USA v. Civilo Lopez
UNPUBLISHED OPINION FILED. [12-20185 Affirmed ] Judge: JES , Judge: ECP , Judge: SAH Mandate pull date is 04/29/2013 for Appellant Civilo Camarillo Lopez [12-20185]
Date Filed: 04/08/2013
IN THE UNITED STATES COURT OF APPEALS
United States Court of Appeals
FOR THE FIFTH CIRCUIT
April 8, 2013
Lyle W. Cayce
UNITED STATES OF AMERICA,
Plaintiff - Appellee
CIVILO CAMARILLO LOPEZ, also known as Cirilo Camarillo Lopez, also
known as Cirilo Lopez Camarillo,
Defendant - Appellant
Appeal from the United States District Court
for the Southern District of Texas
USDC No. 4:11-CR-506-1
Before SMITH, PRADO, and HIGGINSON, Circuit Judges.
Cirilo Camarillo Lopez appeals his within-guidelines sentence for illegal
reentry after an aggravated felony conviction. The probation officer calculated
a total offense level of 21, which included a 16-level enhancement under U.S.S.G.
§ 2L1.2(b)(1)(A)(ii) based on Camarillo Lopez’s prior Texas conviction for
burglary of a habitation with intent to commit theft. Camarillo Lopez objected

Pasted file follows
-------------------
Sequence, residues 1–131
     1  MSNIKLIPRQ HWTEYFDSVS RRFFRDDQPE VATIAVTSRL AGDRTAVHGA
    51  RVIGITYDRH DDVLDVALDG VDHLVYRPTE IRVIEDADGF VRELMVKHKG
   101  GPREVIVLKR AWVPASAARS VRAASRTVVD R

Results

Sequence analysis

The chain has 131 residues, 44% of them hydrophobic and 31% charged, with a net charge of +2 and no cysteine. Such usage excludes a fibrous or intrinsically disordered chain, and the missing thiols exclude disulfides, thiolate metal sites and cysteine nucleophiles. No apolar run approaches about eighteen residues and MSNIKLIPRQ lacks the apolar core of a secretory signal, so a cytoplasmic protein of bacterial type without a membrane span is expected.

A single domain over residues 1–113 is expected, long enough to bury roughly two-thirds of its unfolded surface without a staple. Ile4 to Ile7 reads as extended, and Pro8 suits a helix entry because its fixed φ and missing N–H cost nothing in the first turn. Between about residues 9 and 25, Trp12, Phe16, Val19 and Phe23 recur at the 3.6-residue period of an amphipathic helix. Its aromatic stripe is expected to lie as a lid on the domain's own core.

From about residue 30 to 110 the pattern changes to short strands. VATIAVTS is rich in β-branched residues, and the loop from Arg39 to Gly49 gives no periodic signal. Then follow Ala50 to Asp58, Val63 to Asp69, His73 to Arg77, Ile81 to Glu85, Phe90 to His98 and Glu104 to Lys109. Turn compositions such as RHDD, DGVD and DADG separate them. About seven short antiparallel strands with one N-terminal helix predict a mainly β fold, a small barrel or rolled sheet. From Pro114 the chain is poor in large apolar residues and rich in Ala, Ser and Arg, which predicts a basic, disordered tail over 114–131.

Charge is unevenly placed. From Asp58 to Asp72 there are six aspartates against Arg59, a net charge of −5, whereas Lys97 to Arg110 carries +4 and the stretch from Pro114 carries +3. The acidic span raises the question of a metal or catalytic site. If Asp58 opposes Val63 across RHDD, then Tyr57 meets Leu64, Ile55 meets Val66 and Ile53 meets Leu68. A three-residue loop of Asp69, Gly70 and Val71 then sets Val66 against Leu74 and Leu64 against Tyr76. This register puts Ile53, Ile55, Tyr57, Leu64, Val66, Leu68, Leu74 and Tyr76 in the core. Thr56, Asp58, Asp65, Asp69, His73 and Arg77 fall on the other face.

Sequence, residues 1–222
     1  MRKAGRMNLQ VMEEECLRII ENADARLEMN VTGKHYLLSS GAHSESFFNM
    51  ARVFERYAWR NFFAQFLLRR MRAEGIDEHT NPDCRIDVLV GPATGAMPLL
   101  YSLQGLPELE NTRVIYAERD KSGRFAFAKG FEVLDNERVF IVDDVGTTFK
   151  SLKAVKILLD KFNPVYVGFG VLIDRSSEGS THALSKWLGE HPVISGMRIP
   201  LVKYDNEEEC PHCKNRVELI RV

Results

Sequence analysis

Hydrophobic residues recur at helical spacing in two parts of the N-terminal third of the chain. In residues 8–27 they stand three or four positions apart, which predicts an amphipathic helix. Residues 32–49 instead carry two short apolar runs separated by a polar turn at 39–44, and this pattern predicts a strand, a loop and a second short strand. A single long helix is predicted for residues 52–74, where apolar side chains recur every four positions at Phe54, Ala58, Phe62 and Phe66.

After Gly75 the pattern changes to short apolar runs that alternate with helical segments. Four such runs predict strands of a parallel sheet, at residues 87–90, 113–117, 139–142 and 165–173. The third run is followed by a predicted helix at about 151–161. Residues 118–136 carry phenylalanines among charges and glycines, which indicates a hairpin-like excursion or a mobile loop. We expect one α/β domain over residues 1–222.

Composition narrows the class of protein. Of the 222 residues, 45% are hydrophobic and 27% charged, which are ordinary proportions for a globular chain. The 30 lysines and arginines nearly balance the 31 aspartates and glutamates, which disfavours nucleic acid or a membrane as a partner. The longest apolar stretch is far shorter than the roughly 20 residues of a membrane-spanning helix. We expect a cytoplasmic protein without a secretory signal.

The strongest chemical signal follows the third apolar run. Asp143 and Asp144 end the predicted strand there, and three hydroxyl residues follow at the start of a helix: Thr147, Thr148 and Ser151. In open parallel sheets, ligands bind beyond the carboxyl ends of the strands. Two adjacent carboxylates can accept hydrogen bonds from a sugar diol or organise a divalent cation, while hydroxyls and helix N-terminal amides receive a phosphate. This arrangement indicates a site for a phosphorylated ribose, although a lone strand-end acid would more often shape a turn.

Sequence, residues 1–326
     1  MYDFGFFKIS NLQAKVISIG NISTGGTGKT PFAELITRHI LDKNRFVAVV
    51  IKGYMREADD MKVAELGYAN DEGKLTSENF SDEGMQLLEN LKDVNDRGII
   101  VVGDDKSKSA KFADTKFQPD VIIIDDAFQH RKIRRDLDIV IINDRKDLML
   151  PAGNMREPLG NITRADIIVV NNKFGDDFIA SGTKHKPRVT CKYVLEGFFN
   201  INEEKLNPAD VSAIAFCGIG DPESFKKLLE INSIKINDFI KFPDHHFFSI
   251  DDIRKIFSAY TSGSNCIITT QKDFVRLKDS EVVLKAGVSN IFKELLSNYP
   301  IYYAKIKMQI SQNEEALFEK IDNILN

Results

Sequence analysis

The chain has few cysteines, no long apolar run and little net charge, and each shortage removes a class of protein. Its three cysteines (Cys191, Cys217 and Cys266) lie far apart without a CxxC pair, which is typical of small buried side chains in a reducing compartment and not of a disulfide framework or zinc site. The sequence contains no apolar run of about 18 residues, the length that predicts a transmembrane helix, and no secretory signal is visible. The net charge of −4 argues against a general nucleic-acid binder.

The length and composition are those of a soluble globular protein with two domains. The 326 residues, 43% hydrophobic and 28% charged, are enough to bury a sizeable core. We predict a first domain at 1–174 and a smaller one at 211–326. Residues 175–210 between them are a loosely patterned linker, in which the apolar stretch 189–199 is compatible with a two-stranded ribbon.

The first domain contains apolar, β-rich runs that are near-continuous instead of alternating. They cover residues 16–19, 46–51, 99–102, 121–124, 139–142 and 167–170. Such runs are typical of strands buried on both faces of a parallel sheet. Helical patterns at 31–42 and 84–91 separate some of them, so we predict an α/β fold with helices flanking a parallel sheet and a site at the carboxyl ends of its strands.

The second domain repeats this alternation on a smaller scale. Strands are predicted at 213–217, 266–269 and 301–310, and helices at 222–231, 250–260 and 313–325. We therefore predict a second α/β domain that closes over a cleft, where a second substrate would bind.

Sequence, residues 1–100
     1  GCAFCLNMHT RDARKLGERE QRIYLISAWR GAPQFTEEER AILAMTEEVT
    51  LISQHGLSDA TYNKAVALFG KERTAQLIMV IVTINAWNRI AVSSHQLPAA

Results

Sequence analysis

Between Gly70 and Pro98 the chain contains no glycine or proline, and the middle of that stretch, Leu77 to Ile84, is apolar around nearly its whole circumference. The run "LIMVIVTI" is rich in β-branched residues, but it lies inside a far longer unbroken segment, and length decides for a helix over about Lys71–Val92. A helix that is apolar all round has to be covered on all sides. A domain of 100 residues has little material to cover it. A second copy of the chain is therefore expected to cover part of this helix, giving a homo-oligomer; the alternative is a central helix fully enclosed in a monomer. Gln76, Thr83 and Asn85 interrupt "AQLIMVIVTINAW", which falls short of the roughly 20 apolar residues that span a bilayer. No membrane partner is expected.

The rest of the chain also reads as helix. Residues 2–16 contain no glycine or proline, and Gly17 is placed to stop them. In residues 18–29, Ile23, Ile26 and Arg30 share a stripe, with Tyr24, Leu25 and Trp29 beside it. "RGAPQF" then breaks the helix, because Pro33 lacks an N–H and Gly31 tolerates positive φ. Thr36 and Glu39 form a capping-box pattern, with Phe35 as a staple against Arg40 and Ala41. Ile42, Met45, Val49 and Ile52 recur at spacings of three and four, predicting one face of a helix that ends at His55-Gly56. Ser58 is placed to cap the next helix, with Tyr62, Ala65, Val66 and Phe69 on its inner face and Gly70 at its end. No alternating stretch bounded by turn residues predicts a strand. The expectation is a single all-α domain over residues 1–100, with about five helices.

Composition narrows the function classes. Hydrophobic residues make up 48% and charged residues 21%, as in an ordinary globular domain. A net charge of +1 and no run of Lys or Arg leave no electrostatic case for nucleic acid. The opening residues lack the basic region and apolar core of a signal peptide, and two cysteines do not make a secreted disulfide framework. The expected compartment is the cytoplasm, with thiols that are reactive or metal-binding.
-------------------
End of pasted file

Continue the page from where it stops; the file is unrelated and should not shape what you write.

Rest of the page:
to the 16-level enhancement on the grounds that Texas’s burglary of a habitation
Pursuant to 5TH CIR. R. 47.5, the court has determined that this opinion should not
be published and is not precedent except under the limited circumstances set forth in 5TH CIR.
Date Filed: 04/08/2013
offense does not meet the generic definition of burglary of a dwelling because a
person may be convicted of burglary in Texas if he enters onto property without
the consent of another person who has “a greater right to possession of the
property than the actor.” Tex. Penal Code § 1.07(a)(35)(A). At sentencing, the
district court overruled the objection.
Camarillo Lopez makes the same argument on appeal. According to
Camarillo Lopez, because a person can be convicted of burglary of a habitation
in Texas even if he has a legitimate right to possess the property, the Texas
statute is broader than the generic definition of burglary of a dwelling. This
argument is foreclosed by this court’s decision in United States v. Morales-Mota,
in which we reasoned that “[m]erely maintaining an inferior possessory interest
in a habitation does not extinguish the potential violence that may result when
a person enters a habitation with intent to commit theft.” 704 F.3d 410, 412 (5th
Cir. 2013). Thus, the district court did not err in applying the crime of violence
enhancement in this case. See id.
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